Jang Linster, composer of ‘Sou fräi’ and owner of the recording studio in Frisange where Christian Jacob often worked as a session musician, comments, “Christian Jacob is so talented that no musician can be jealous of him; one simply admires him. When he departed for the USA, he did not have a car, no piano of his own, no job; he simply bought a ticket and left to fulfil his dream of studying at Berklee College. And within two years, he was a professor there! Moreover, he married Wilder, the beautiful daughter of our idol Maynard Ferguson. He is a ‘great’, a ‘master’ of all trades.” (2010)

Peter Erskine, an accomplished jazz musician and teacher in his own right, played the drums on Christian Jacob’s first solo recording in 1997, “Christian’s piano playing is fluid, unpredictable, evocative, worldly, and yet innocent. These are the qualities of an interesting musician – of an artist! I have great admiration for Christian’s musicality.” (2010)


Country – Luxembourg
Song title – "Sou fräi"
Rendition – Marion Welter & Kontinent (Ab van Goor / Patrick Hartert / Romain Heck / Änder Hirt / Gordon Smith)
Lyrics – Ab van Goor / Jang Linster
Composition – Ab van Goor / Jang Linster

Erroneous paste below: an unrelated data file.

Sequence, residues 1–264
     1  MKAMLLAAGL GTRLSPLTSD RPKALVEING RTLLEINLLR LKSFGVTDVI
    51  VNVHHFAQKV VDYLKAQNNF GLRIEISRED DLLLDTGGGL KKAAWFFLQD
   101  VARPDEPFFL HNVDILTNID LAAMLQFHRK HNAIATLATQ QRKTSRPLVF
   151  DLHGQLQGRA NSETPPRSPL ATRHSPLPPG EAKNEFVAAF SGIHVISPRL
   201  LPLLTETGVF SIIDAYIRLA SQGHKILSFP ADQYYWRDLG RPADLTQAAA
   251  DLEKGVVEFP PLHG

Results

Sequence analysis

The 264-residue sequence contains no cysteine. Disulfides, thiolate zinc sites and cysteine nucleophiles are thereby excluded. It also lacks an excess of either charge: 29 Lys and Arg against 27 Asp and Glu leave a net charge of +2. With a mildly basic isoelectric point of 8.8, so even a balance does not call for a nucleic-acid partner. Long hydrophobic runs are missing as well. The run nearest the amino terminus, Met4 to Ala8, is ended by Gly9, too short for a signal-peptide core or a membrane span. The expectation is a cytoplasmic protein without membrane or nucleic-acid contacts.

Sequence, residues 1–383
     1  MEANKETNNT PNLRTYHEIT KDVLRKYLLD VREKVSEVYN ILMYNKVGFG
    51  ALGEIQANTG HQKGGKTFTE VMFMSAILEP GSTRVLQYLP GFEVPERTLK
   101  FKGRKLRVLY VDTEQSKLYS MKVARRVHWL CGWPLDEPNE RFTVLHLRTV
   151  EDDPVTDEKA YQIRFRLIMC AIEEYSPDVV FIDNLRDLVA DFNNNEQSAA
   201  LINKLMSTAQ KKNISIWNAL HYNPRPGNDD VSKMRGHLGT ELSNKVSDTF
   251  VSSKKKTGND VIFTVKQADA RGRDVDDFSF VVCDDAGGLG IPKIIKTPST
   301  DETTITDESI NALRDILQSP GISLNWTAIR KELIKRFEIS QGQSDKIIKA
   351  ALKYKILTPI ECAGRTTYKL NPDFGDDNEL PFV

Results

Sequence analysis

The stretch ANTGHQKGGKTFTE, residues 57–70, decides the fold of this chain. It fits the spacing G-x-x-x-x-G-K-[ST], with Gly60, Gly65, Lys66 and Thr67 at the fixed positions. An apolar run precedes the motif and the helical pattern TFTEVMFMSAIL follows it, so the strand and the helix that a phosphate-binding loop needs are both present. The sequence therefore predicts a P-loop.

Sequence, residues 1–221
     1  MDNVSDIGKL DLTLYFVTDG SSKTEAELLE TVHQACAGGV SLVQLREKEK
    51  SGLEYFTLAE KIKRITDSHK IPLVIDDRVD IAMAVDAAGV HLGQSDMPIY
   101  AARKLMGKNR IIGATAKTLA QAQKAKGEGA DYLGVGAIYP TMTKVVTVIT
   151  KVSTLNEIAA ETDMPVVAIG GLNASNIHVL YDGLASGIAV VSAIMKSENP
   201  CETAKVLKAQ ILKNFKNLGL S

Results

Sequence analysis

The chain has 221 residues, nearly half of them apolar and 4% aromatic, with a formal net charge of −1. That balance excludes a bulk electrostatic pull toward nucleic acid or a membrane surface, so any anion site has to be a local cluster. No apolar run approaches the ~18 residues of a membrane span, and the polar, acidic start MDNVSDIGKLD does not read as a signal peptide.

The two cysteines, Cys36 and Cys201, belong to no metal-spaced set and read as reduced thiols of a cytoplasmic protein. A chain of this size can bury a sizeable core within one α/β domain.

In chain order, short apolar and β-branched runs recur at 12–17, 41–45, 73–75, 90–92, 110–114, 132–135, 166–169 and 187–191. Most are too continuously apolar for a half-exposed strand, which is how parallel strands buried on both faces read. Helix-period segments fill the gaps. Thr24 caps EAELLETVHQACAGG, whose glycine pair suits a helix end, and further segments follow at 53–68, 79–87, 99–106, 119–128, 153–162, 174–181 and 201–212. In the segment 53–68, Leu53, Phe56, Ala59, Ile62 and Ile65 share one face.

Studio arrangement – Ab van Goor / Christian Jacob
Live orchestration – Christian Jacob
Conductor – Christian Jacob
Score – 21st place (10 votes)

  • In order to compile this biography, Bas Tukker did an interview with Christian Jacob, August 2010
  • Thanks to Jang Linster, Peter Erskine, and Marion Welter for their additional comments about Christian Jacob
  • Thanks to Magna Carta aficionado Walter Goyen for providing the details about the group’s Luxembourg recording in 1983
  • Pictures of the 1992 Eurovision Song Contest courtesy of Marion Welter; all other pictures courtesy of Christian Jacob. Many thanks to both of them for allowing us to use these photos


Born: August 16th, 1942, Geneva (Switzerland)
Died: January 3rd, 2014, Geneva (Switzerland)
Nationality: Swiss

In due course, the short impression below will be replaced with a more extensive career overview